War Hero Jan Zamoyski Dead
Aristocrat resisted the Nazis, was imprisoned by the Russians,
and later emerged as a Polish folk hero

PAJ August 2002

LONDON (The Times)—During the run-up to the first presidential elections in Poland after the fall of Communism, the name of Jan Zamoyski kept cropping up, even though he was never one of the candidates. Those calling for him to stand for President included Socialists and workers as well as backwoodsmen of the Right. This was not as surprising as it sounds, for having been ruled for so long by corrupt, self-serving mediocrities, the Polish people craved the opposite. And Jan Zamoyski’s appeal was not just that he had been the greatest landowner in Poland before the war, or that he was the head of a family with almost mythical status in the national consciousness; he had lived a remarkable and inspiring life as well.

Jan Zamoyski was born June 12, 1912 on his father’s estate at Klemensow in southeastern Poland. He was brought up partly in Poland and partly in France and studied at the Conservatoire in Nancy before his father reined in his musical ambitions and prevailed upon him to attend the Warsaw School of Economics. There, followed a few carefree years, enjoyed to the full by the handsome young aristocrat who was good at tennis, riding and shooting and whose charm was enhanced by his talent at the keyboard.

 In April 1938 he married Countess Roza Zoltowska, and almost exactly a year later his father died, whereupon he became the 16th incumbent of an entail created in 1589. The estate, by then much reduced, still comprised well over half a million acres, with a palace in Warsaw, a substantial art collection and one of the greatest collections of illuminated manuscripts and incunabula in Poland.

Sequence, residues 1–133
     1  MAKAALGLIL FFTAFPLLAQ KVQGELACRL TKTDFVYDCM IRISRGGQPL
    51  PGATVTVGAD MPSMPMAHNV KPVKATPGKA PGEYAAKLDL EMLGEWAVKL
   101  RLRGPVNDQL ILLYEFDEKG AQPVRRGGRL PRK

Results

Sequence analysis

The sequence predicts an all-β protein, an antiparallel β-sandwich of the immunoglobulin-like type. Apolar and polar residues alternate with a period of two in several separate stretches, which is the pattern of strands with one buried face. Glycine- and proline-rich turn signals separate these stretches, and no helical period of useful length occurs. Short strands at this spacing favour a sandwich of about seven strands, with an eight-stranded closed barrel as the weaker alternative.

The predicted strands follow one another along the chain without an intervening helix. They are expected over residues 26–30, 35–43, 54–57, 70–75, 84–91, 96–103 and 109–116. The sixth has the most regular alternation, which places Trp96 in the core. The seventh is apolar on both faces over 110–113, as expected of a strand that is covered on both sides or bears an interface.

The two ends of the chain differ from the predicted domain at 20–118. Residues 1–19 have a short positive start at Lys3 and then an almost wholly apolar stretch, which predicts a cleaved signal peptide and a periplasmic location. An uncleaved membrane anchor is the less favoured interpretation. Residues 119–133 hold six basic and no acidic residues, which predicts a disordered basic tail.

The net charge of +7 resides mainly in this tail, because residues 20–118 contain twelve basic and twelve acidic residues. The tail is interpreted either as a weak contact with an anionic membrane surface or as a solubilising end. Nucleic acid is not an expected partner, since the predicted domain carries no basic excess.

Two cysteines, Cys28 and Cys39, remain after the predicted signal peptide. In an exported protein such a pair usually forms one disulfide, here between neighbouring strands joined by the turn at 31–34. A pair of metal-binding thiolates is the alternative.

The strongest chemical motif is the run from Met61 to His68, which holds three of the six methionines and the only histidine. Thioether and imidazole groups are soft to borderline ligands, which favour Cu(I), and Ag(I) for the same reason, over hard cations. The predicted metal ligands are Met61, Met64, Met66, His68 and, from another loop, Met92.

A lieutenant in the 24th (Zamoyski) Lancers, Jan Zamoyski was mobilized in August 1939 and took part in the ill-fated September campaign. When it was over, he rushed back to Warsaw, where he picked works of art and precious manuscripts out of the smouldering ruins of his palace, and stored them in the safety of national institutions and monasteries. The books he salvaged now form the nucleus of the National Library.

He was soon picked up by the Germans, who, instead of sending him to a prisoner-of-war camp, made him run his estate on behalf of their war effort. But Zamoyski had already joined the underground army, and this gave him wonderful opportunities to serve the cause. The Germans were nervous of going into the vast tracts of woodland, which he knew like the back of his hand, and he was therefore able to conceal people and arms on a large scale.

Over the next five years he hid entire underground units with their equipment. Also hidden were a string of escaped Allied prisoners and airmen who had been shot down, whom he taught Polish or German while papers were prepared for their onward escape.